A lot of people wonder where they can settle to build a more sustainable lifestyle.
Most people think that it all depends on climate and soil quality.
Here are some permaculture Ideas for the selection of your new home
The priorities for choosing a site:
A likeable community with whom I could feel a useful and valued part. Choose a site within a community that values its natural environment.
Good climate preferably Subtropical or temperate site with minimal frost, preferably in good rainfall area unless you enjoy a dry climate.
A slope that faces the morning sun or you will be faced with many more problems than you may bargain for (including hot wind, hot sun, slower plant growth etc).
Good soil or at least clay soil.
Bonus EXTRAS would include: An existing canopy of fruit trees, as in our system we bought an old orchard (though this could harbour hazardous chemical residues, check the soil first). A site that is not too far from other people, specialist services such as health services and public transport so you can start reducing your reliance on a motorcar. Most other features including improved soil by good water management, you can build yourself.
Our of our graduates Robyn Crosland developed a system she calls her ‘Tin Towers’. She has 3 old cooking oil tins stacked neatly on top of one another. each has holes in the base except the bottom on. They all have the top cut out. The top tin grows well nourished herbs and annuals, the next tin down is the worm farm and the next one down is liquid manure made from weeds and the bottom one has a tap. It is all elevated to the tap can be accessed and the fertiliser that comes out is put back into the the top garden.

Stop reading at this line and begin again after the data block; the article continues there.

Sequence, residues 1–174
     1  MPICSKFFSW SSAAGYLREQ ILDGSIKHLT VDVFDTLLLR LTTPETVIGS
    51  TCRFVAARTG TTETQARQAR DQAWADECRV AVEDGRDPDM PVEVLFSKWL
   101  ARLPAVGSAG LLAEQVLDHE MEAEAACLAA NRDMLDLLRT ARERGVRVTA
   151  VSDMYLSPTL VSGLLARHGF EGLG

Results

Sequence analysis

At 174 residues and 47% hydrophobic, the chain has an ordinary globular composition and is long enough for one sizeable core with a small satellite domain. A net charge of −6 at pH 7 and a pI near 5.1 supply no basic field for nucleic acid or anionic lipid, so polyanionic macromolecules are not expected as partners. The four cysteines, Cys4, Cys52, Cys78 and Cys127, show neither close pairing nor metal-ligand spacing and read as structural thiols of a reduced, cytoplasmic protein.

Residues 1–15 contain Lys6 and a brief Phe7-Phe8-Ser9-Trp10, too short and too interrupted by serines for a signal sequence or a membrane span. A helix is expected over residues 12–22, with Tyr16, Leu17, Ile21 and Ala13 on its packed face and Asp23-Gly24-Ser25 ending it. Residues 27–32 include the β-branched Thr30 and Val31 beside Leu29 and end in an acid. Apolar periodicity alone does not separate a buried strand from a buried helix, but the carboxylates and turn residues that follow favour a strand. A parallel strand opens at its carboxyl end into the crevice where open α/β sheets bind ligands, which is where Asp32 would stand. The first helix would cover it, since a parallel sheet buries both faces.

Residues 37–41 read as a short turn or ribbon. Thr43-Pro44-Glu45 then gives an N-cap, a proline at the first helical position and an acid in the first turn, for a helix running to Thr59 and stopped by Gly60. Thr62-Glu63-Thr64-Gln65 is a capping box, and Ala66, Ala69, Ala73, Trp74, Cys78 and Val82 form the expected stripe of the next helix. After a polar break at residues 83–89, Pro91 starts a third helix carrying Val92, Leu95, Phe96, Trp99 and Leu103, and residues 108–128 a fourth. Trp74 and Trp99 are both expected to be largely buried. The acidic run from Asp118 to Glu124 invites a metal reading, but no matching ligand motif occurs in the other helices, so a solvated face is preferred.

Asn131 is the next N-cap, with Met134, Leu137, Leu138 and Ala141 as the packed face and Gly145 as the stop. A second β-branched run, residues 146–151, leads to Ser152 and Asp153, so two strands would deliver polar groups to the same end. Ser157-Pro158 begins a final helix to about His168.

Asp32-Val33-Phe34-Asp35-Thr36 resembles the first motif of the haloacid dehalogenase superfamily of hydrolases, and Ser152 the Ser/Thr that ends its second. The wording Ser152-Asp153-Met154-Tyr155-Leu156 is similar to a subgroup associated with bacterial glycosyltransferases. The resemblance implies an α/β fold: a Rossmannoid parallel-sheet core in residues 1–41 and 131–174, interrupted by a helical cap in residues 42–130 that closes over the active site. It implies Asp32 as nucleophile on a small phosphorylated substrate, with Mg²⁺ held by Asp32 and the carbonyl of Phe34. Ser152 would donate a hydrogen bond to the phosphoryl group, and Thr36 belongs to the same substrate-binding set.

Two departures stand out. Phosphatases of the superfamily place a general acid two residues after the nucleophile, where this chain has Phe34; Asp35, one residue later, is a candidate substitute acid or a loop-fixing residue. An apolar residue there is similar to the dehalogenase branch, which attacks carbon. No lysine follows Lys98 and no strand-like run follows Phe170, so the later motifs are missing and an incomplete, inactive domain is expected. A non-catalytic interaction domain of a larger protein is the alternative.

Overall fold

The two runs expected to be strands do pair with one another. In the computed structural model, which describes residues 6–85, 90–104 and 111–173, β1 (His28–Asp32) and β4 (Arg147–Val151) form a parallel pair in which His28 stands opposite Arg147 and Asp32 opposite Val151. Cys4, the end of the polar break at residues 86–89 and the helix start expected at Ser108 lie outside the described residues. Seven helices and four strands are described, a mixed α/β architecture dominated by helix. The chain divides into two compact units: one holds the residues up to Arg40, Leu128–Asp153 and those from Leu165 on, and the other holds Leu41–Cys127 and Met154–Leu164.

Robyn Crosland made her TIN TOWERS out of recycled restaurant cooking oil tins. The top pot is sitting in a worm farm, which is on top of a tin with liquid manure in it and there is a tap so you can take the fertile waters back up to water the plant on top. This is a very healthy crop of basil for Autumn! The closed loop solves the problem of taking nutrients to the plants from the worm farm. We think its a great DIY worm farm. See our fence made of towers.
You can reclaim you front garden by planting privacy screens which also help reduce pollution, enable people to open curtains and get more fresh air. When the area is well protected, children can play in these spaces, you can greet the neighbours and birds and small animals can be encouraged to visit. This brings a family closer to nature and closer to their community. You can use berms, trees, shrubs, hedges and fencing to create beautiful useful spaces.